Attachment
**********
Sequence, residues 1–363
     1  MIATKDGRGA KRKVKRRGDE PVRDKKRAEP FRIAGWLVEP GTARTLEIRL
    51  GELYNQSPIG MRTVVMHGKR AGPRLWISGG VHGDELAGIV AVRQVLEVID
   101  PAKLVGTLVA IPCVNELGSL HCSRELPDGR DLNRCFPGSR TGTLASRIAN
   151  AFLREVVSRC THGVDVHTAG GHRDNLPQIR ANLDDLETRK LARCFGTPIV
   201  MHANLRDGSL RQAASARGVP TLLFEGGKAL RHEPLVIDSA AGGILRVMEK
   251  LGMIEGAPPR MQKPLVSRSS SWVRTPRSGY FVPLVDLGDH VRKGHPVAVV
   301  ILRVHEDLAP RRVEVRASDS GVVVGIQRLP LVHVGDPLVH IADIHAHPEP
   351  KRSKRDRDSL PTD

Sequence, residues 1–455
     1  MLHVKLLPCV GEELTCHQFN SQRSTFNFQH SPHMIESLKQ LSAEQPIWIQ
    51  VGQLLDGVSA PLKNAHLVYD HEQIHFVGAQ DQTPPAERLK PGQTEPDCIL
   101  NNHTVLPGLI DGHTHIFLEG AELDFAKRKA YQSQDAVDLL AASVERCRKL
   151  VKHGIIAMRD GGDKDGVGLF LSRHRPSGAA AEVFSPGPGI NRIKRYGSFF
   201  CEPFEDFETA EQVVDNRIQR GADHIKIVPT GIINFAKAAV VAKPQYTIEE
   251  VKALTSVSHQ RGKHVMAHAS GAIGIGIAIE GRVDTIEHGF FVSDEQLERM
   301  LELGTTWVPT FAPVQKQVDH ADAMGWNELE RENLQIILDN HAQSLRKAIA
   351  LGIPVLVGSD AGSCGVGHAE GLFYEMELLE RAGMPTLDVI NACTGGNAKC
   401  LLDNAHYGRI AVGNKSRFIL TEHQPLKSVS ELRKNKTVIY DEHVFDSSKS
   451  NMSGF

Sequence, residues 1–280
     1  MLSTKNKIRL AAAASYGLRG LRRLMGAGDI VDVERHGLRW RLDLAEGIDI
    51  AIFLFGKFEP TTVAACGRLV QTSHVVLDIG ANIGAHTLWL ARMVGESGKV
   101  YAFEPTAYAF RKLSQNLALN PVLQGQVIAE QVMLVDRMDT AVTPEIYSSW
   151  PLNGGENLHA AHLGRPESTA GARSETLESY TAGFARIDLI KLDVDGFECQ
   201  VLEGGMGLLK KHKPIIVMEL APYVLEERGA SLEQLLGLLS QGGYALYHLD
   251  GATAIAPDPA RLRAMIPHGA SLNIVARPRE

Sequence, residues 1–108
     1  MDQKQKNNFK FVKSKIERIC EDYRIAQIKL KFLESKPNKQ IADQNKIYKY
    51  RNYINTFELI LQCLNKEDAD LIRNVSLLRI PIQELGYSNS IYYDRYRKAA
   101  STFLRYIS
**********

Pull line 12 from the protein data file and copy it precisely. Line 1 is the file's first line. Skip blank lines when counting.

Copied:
    51  VGQLLDGVSA PLKNAHLVYD HEQIHFVGAQ DQTPPAERLK PGQTEPDCIL